Greek tragedy plays out in Rock Hill
The Greeks knew a thing or two about life - particularly the tragedies of life and how we can often learn from them. Hidden in their plots of epic problems and catastrophic ends are ageless lessons.
For example, the Greek playwright Aeschylus once wrote:
"Time as he grows old teaches many lessons."
Wise words, indeed.
Unfortunately, they are true only when logic comes into play. A person cannot learn the lessons of time if his or her ears are shut to hearing other views.
And, as if the Greek tragedies many of us had to read in high school literature were not enough to show us how to look at a tragedy and find a lesson to be learned, an ongoing tragedy in our backyard continues to fester.
The feuding in the Rock Hill School District has been going on for decades, though the latest battles only date back a year or so.
Somehow, through all of that time and through all of those battles, the sides are still largely fighting about the same things: adult differences, not what's best for the students.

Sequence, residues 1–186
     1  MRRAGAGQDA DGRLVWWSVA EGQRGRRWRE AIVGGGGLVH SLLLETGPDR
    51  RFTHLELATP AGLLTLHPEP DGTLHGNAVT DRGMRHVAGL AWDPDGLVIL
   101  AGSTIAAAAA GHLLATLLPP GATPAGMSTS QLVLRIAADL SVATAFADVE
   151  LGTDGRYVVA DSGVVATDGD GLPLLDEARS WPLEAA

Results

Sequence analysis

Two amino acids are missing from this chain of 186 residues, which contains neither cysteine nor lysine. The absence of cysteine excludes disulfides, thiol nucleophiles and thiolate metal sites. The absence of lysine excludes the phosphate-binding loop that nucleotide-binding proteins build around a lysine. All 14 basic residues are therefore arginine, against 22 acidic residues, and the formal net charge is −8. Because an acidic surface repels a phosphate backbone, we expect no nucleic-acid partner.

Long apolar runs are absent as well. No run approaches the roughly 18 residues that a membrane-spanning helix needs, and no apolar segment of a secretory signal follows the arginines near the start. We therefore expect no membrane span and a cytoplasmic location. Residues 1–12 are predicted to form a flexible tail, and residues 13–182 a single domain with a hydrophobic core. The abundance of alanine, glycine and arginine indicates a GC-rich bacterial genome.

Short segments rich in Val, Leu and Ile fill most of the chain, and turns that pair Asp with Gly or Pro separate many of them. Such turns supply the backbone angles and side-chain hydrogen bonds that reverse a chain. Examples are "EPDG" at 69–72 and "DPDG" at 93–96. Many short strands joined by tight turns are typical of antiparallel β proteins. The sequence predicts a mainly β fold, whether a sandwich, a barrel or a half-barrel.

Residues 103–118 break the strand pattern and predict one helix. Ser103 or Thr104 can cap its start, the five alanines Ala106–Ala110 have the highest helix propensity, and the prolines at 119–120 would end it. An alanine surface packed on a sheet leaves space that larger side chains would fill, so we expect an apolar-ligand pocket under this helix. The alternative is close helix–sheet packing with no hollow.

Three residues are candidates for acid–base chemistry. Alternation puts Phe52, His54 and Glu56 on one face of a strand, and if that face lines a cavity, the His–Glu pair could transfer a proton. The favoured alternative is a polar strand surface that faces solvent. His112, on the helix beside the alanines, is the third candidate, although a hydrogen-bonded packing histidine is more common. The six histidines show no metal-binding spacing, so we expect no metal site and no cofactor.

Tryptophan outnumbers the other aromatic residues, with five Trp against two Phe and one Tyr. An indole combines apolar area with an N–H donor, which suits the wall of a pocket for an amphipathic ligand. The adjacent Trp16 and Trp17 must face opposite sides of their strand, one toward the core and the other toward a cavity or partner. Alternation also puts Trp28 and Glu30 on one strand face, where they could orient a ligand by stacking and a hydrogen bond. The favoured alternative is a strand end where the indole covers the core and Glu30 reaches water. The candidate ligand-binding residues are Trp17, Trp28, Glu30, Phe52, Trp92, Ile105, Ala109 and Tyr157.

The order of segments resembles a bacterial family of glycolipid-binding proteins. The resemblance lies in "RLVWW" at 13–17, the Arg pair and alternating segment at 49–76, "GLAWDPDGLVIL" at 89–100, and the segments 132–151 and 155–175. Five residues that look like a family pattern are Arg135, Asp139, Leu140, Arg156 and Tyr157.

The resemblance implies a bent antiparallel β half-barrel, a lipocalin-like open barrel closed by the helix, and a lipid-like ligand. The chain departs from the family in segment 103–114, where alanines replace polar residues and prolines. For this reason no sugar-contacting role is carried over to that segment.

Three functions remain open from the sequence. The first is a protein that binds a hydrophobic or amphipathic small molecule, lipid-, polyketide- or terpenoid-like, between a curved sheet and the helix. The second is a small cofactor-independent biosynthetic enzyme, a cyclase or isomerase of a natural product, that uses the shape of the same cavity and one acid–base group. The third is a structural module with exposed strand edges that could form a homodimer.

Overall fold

The current bickering point is over whether or not three school board members should be removed from office for alleged malfeasance of office.
A petition to remove the three board members, like many legal documents, contains numbers beside key points to help both sides in the dispute easily located exactly which point is being discussed. An interesting note about the petition is that despite containing more than 4,300 words and some 90 numbered paragraphs and lots of allegations, the word "student" only appears twice, both times in paragraph no. 88.
That just doesn't seem right to us. Are the instigators (on both sides of the feuding) more interested in harming one another than doing what's best for the students? It sure does seem like it sometimes. At the present rate, Rock Hill may unfortunately have a new slogan one day: Rock Hill, where an eye for an eye just isn't quite good enough.